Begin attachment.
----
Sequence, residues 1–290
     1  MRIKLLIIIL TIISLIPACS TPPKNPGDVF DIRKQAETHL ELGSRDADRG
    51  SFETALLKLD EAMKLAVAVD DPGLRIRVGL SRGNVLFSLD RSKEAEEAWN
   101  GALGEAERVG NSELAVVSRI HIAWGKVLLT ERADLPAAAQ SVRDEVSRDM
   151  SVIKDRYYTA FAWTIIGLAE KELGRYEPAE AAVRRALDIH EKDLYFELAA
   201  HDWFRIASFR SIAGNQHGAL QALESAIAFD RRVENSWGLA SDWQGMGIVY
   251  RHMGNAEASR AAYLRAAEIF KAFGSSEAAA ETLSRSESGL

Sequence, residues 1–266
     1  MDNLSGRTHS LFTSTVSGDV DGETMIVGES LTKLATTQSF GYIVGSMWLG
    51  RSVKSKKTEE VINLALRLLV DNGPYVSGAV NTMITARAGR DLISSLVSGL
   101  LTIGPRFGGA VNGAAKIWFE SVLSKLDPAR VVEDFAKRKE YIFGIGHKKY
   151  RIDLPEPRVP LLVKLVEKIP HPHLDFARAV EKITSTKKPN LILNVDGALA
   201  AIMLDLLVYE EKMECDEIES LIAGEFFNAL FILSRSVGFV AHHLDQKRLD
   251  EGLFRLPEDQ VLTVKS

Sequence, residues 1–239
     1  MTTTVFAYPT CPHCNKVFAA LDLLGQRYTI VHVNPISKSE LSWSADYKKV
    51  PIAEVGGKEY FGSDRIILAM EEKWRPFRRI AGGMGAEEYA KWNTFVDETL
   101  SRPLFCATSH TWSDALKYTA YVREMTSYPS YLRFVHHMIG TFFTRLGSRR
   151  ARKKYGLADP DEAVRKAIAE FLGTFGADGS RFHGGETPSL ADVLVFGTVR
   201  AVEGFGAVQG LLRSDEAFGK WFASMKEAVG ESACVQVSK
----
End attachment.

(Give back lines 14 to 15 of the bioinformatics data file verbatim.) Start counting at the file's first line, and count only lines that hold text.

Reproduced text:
   251  EGLFRLPEDQ VLTVKS

Sequence, residues 1–239